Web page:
To resolve the investigation, the radio station group entered into a Consent Decree with the Media Bureau in which it admitted its actions violated Sections 315(e) and 317(a) of the Act and Sections 73.1212(a) and 73.1943 of the FCC’s Rules.

In addition to agreeing to pay a $500,000 civil penalty, the Consent Decree requires the radio station group to develop and implement a compliance plan to avoid future violations, designate a compliance officer to oversee it, implement a compliance training program for its employees, and file annual compliance reports with the FCC until the two stations’ next license renewal applications are granted and the grants become final.

Former Licensee of Georgia Radio Stations Fined $26,000 for EEO Violations

The FCC issued a $26,000 fine to a large radio broadcaster for violations of its Equal Employment Opportunity (EEO) rules by several Georgia radio stations previously owned by the broadcaster.

The FCC’s EEO rules prohibit broadcasters from discriminating in hiring on the basis of race, color, religion, national origin, or gender and require non-exempt broadcasters to conduct and document broad job vacancy recruitment efforts.  The FCC’s investigation into the stations’ EEO compliance appears to have stemmed from the FCC’s processing of their license renewal applications.  As part of the license renewal process, FCC staff reviews a station’s rule compliance over the course of its eight-year license term.  The radio stations in question were licensed to the broadcaster at the time of the claimed rule violations but were later sold.  In 2020, the broadcaster entered into a tolling agreement with the FCC to facilitate grant of the license renewal applications and assignment of the renewed stations’ licenses to a third party.  However, the tolling agreement preserved the FCC’s right to fine the broadcaster, with the broadcaster agreeing to waive any right it might have to assert that it no longer holds the stations’ licenses.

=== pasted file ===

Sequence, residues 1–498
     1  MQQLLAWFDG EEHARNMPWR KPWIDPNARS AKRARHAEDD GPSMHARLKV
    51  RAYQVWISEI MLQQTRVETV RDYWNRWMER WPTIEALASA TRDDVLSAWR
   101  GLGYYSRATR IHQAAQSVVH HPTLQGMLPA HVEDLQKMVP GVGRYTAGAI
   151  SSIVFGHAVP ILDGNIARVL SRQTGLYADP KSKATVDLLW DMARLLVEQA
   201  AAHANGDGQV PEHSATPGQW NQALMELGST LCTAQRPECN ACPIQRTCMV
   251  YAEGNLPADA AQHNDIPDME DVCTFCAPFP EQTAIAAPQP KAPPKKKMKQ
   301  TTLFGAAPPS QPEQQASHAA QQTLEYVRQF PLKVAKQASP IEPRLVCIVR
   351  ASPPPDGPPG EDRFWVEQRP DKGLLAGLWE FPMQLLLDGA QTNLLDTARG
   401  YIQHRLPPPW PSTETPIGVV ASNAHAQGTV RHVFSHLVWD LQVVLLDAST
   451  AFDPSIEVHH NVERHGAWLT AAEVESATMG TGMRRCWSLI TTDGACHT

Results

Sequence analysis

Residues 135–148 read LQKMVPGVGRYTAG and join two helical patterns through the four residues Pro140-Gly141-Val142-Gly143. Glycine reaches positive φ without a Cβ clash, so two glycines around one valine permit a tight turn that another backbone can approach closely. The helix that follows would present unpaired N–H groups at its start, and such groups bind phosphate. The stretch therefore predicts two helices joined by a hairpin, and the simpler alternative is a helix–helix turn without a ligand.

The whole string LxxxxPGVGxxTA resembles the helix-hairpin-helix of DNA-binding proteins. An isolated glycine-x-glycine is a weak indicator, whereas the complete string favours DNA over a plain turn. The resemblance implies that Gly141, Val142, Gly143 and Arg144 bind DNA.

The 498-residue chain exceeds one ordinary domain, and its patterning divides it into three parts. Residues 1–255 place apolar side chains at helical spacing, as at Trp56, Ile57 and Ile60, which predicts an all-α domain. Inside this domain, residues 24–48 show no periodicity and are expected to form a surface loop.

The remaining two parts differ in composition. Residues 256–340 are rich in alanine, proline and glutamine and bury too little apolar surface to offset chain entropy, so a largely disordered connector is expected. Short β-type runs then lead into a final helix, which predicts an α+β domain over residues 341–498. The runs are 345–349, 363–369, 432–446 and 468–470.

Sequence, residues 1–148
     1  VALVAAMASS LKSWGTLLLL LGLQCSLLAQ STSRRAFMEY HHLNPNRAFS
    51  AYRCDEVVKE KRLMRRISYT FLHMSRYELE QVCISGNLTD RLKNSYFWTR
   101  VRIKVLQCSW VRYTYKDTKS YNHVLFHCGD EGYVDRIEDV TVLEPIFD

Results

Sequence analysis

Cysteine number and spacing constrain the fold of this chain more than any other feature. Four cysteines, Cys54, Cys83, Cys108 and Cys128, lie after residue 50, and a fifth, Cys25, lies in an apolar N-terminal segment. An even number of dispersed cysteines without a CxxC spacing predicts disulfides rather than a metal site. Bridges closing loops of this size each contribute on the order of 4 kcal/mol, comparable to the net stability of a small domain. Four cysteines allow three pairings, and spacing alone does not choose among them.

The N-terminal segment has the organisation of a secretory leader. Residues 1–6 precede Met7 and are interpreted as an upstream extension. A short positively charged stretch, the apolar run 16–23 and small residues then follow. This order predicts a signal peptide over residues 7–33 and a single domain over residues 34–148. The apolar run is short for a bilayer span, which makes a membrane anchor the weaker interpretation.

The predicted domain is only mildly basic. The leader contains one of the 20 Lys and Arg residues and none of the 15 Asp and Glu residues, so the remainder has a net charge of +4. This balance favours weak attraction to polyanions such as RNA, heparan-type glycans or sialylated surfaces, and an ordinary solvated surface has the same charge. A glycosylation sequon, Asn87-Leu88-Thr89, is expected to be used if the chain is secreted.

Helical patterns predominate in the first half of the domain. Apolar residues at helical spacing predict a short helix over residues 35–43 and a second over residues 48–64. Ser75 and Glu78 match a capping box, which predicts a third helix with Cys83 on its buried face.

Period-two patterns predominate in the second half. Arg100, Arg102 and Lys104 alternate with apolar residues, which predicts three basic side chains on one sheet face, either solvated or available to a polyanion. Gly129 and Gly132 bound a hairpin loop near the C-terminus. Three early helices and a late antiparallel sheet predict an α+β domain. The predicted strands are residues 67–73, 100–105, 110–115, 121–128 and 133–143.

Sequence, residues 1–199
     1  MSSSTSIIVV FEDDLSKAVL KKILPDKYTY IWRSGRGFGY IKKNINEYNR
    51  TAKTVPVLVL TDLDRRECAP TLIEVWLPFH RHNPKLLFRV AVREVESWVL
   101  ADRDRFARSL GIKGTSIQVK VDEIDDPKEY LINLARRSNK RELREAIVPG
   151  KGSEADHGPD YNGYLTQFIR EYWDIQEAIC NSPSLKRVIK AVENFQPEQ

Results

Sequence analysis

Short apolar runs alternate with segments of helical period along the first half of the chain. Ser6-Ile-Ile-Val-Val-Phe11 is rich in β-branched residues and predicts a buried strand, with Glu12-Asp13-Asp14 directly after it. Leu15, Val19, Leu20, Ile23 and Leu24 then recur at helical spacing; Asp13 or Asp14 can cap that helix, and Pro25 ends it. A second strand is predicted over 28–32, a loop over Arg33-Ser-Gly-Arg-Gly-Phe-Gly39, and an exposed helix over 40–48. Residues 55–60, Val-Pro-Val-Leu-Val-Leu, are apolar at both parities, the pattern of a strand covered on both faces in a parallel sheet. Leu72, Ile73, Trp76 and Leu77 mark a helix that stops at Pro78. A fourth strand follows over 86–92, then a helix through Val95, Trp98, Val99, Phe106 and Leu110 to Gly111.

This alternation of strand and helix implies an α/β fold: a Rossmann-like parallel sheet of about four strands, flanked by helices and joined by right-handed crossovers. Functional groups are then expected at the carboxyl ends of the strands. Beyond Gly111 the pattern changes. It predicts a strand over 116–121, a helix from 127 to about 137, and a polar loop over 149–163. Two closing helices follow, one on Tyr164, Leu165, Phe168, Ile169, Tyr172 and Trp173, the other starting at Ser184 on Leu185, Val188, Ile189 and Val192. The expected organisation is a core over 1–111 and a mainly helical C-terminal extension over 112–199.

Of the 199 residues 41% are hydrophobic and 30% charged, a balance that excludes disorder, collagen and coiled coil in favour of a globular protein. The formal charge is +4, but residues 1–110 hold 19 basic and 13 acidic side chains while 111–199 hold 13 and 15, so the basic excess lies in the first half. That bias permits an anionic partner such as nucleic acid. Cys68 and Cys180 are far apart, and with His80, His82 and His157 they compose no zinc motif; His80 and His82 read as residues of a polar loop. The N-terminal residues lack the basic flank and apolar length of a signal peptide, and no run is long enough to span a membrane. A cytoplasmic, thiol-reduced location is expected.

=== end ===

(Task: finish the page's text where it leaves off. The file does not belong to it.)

In February 2022, the FCC issued an NAL for $32,000 against the broadcaster for violations of the FCC’s EEO rules.  Specifically, the FCC asserted that the stations had failed to timely (1) upload an annual EEO Public File Report to the stations’ Public Inspection Files; (2) place a copy of that report on the stations’ websites; and (3) self-assess their EEO program for any deficiencies.

Section 73.2080(c)(6) of the FCC’s Rules requires that a station’s annual EEO Public File Report be timely placed in the station’s Public Inspection File and on its website, if it has one.  Section 73.2080(c)(3) of the FCC’s Rules requires that a licensee analyze its EEO recruitment program on an ongoing basis.  Section 73.3526(e)(7) of the Rules separately requires a licensee to place required information, including its annual EEO Public File Report, in its stations’ Public Inspection Files.